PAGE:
New Astronomy at the New Year (GW170104)

by Shane L. Larson

Newton’s portrait.

January 4 holds a special place in the hearts of scientists — it is Isaac Newton’s birthday (*). Newton stood at the crossroads that led to modern science, and astronomy in particular. He was the first person to build a workable reflecting telescope, a design that now bears his name and for the past 4 centuries has been the dominant type of telescope used by amateurs and professionals alike. Newtonian telescopes have revealed much about the Cosmos to our wondering minds. Newton was also responsible for the first formulation of a physical law that describes the working of gravity, called the Universal Law of Gravitation. Today we use the Universal Law to launch satellites, send astronauts into orbit, convert the force of your feet on the bathroom scale into your “weight“, and a thousand other applications.  There is much to celebrate every January 4.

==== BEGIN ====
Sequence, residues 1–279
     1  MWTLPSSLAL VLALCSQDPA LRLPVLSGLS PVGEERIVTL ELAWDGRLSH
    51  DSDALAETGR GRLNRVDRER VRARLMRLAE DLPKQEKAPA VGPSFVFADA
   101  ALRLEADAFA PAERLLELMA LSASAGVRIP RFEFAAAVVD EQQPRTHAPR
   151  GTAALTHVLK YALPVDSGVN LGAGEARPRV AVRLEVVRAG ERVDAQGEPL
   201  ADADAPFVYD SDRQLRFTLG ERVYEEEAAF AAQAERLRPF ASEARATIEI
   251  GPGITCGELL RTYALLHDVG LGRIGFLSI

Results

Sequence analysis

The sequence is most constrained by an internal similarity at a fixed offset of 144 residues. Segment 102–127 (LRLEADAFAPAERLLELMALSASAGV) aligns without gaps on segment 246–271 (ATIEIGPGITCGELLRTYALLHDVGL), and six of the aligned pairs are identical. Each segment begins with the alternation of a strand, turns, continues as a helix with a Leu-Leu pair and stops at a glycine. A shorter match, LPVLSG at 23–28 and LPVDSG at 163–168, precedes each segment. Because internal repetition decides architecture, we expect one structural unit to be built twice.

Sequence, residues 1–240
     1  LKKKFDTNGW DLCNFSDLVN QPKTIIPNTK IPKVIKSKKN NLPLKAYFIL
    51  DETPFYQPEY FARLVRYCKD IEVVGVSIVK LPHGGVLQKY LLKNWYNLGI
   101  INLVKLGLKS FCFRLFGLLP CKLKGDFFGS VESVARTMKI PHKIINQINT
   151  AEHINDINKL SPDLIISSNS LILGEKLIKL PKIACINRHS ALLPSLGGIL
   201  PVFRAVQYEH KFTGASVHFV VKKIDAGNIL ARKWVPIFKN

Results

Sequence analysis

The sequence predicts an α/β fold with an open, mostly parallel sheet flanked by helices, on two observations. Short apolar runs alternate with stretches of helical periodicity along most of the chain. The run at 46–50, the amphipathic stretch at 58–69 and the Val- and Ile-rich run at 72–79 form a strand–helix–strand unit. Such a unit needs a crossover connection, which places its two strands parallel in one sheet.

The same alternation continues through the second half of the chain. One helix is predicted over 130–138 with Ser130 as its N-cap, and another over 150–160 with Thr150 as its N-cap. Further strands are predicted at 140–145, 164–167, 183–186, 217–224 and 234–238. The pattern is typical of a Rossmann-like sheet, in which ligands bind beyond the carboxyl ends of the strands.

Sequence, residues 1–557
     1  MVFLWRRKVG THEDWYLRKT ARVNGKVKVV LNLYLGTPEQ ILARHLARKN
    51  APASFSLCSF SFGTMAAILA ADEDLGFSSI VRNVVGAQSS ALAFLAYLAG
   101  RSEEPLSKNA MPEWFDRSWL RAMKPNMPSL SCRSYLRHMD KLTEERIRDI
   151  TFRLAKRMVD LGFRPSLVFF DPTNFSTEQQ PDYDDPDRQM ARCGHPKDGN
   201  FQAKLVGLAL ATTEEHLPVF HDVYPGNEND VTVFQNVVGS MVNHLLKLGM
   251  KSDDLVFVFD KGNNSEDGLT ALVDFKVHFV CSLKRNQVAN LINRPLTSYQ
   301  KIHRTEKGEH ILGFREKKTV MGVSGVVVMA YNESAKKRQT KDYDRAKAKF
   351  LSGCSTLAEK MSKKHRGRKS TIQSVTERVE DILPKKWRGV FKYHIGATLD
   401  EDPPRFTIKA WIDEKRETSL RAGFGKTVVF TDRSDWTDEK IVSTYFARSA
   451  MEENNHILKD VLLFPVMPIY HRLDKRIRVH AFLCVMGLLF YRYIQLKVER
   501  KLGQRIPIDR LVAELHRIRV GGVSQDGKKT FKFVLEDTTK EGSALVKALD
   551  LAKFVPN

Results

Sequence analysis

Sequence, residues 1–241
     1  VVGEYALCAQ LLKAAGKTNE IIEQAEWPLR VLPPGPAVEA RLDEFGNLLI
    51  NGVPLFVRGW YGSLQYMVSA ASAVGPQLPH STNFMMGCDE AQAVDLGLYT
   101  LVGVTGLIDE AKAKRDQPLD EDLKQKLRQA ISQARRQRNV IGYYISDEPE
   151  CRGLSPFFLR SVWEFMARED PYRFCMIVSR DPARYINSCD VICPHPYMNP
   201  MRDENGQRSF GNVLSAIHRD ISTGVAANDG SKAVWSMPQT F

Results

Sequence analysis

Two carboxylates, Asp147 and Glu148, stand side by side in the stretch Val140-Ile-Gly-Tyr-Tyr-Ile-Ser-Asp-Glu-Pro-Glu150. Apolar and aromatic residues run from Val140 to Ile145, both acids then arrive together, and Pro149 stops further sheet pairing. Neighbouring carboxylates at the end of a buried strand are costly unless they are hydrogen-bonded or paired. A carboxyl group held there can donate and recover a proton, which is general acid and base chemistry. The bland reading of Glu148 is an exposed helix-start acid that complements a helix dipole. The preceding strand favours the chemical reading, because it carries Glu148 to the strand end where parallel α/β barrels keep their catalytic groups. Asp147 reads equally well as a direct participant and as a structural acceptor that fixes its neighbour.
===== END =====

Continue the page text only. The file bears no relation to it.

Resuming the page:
(L) Aerial view of LIGO-Hanford Observatory [top] and in Google Maps [Bottom]. (R) Aerial view of LIGO-Livingston Observatory [top] and in Google Maps [Bottom].

But on January 4, 2017 the Cosmos celebrated with us, singing in the faint whispers of gravity itself. On January 4, the signal of two black holes catastrophically merging to form a new bigger black hole washed quietly across the shores of Earth, carried on undulating vibrations of space and time. You were very likely unaware of this cosmic event — it happened at 4:11:58.6 am in Chicago. It was a Wednesday morning, and I imagine most people were blissfully asleep. But two of the grandest pieces of experimental apparatus ever built by humans were paying attention – the twin LIGO detectors in the United States.  For only the third time in history, a gravitational wave signal from the deep Cosmos was detected here on Earth.